FACTBOX-Gay marriage rights around the world

by Sonia Elks | @SoniaElks | Thomson Reuters Foundation
Tuesday, 11 February 2020 01:00 GMT

ARCHIVE PHOTO: People march for marriage equality of same-sex couples in Sydney, Australia, September 10, 2017. REUTERS/Steven Saphore

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As Sharni Edwards and Robyn Peoples make history as the first same-sex couple to marry in Northern Ireland, here are key facts about gay marriage around the world

By Sonia Elks

LONDON, Feb 11 (Thomson Reuters Foundation) - Two lesbian women will on Tuesday become the first gay couple to marry in Northern Ireland after the province became the last part of the United Kingdom to introduce equal marriage rights.

As Sharni Edwards and Robyn Peoples make history, here are the key facts about same-sex marriage around the world.

* The first country to legalise same-sex marriage was the Netherlands in 2001.

* Same-sex marriage is legal in 27 United Nations member states: Argentina, Australia, Austria, Belgium, Brazil, Britain, Canada, Colombia, Denmark, Ecuador, Finland, France, Germany, Iceland, Ireland, Luxembourg, Malta, Mexico, Netherlands, New Zealand, Norway, Portugal, South Africa, Spain, Sweden, Uruguay, and the United States.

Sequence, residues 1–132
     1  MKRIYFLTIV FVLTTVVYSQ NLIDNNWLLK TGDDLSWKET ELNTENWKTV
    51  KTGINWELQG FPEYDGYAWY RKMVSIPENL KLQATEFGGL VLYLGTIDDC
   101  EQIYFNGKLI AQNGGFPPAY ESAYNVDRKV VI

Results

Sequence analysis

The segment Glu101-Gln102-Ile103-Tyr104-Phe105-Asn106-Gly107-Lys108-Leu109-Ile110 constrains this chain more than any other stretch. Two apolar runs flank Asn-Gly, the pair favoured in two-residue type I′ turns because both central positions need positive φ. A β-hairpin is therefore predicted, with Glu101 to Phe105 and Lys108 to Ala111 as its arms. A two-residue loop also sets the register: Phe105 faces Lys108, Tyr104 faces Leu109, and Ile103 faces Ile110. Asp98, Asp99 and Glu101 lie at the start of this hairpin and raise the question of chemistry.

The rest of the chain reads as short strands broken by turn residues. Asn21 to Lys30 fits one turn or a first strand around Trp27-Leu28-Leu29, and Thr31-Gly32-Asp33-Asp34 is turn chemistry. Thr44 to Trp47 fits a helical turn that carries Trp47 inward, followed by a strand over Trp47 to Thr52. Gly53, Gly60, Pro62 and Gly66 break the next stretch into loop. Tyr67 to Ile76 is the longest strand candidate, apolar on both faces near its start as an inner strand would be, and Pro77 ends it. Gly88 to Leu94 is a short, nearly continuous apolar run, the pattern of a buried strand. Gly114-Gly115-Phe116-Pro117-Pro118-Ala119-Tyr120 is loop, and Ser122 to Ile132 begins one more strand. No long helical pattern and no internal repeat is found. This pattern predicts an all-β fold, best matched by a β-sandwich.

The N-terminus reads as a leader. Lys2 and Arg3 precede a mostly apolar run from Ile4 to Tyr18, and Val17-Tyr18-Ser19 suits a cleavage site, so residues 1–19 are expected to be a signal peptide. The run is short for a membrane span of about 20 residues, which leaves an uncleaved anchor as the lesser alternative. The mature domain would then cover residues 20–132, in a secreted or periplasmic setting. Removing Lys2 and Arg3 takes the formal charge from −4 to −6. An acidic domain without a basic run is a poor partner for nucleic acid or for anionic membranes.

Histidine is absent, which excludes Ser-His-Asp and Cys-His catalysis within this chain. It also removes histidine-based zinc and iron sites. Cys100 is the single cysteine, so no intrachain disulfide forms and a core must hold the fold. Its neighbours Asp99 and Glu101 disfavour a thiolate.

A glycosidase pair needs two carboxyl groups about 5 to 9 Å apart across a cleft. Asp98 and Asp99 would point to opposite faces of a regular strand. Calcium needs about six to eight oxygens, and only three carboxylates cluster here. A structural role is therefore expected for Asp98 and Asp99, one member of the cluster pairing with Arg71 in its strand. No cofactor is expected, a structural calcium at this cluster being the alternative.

* A total of 31 U.N. states recognise some form of civil partnership for same-sex couples.

* Ecuador, Taiwan and Austria all legalised gay marriage in 2019.

* Taiwan was the first place in Asia where gay marriages were allowed. Drives for that right to be granted in China and Japan have faced stiff opposition.

* In Africa, where homosexuality is a crime in many countries and can lead to imprisonment or the death penalty, South Africa alone allows for same-sex marriage.

* Gay marriage is hotly contested among many religious groups. Leaders of the United Methodist Church announced proposals to split the church into two amid deep disputes over the issue.

* Almost one in three adults globally believe people of the same sex should be allowed to marry, a survey of almost 100,000 people in 65 countries showed in 2016.

Sources: ILGA State-Sponsored Homophobia report, Pew Research Centre, Thomson Reuters Foundation, Reuters. (Reporting by Sonia Elks @soniaelks; Editing by Claire Cozens. Please credit the Thomson Reuters Foundation, the charitable arm of Thomson Reuters, that covers humanitarian news, women's and LGBT+ rights, human trafficking, property rights, and climate change. Visit http://news.trust.org)

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